Enactive Aesthetics and Neuroaesthetics

Joerg Fingerhut


In this paper, I review recent enactive approaches to art and aesthetic experience. Radical enactivists (Hutto, 2015) claim that our engagement with art is extensive, in the sense that it is non-contentful and artifact-including. Gallagher (2011) defends an embodied-enactive account of the specific kind of affordances artworks provide. For Noë (2015) art is a reorganizational practice. Each of these accounts claims that empirical (neuro)aesthetics is incapable of capturing the art-related engagement they want to highlight. While I agree on the relational and enactive nature of the mind and see the presented theories as important contributions to our understanding of art and aesthetics, I will argue that their dismissal of empirical aesthetics is misguided on several counts. A more qualified look can reveal relevant empirical research for claims enactive theorists should be interested in. Their criticism is either too general regarding the empirical methods employed or based on philosophical claims that themselves can be subjected to empirical scrutiny.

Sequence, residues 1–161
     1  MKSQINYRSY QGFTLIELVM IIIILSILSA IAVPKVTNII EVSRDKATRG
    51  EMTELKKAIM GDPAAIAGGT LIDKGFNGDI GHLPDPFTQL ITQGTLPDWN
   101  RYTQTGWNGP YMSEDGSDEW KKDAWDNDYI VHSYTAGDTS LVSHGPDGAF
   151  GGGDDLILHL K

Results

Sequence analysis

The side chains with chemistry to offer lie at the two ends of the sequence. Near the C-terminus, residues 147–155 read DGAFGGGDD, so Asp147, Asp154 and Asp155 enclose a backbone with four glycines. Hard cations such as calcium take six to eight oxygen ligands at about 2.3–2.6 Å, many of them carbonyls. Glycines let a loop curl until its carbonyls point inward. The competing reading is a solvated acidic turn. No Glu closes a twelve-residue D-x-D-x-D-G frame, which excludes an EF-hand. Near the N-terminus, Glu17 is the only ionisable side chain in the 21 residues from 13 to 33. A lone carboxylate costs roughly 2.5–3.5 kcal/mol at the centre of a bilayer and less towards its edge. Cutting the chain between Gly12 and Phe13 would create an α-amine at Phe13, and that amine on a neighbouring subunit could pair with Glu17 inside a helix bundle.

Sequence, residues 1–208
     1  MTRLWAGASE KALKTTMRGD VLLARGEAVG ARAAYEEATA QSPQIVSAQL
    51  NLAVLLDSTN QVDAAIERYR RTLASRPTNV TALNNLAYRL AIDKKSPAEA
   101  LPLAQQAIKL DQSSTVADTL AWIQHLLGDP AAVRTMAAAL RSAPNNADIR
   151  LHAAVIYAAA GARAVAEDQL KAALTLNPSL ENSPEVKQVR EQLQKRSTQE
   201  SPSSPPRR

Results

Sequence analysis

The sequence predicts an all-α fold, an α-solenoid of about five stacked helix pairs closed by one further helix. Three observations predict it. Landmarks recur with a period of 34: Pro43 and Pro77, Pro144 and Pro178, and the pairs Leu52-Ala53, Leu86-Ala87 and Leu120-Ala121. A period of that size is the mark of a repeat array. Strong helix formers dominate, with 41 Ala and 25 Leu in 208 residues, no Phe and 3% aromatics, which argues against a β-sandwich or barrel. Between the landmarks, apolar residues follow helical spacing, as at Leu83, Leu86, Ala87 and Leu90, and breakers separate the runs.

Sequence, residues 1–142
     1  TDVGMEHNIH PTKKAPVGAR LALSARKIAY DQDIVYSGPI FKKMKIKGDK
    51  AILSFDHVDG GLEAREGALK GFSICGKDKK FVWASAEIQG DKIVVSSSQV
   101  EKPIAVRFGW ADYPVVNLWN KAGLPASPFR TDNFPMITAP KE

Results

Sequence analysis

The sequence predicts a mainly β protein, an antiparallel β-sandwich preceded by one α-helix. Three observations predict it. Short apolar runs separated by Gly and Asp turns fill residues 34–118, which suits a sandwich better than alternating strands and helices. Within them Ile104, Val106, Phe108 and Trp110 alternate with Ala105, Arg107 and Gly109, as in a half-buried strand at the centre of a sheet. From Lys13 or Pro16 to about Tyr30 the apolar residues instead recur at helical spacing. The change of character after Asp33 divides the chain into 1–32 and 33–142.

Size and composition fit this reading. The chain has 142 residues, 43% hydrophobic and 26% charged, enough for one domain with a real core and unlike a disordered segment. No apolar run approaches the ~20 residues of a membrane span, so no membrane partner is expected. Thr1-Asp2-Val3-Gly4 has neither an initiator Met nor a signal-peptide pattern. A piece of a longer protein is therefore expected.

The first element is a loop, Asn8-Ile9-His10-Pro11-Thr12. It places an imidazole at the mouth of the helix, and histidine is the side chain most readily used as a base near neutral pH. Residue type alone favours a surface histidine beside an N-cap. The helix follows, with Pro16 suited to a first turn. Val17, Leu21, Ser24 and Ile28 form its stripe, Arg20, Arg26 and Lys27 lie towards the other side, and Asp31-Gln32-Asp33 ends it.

enactivism; externalism; neuroaesthetics; art; embodied cognition

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DOI: http://dx.doi.org/10.13128/Phe_Mi-23627

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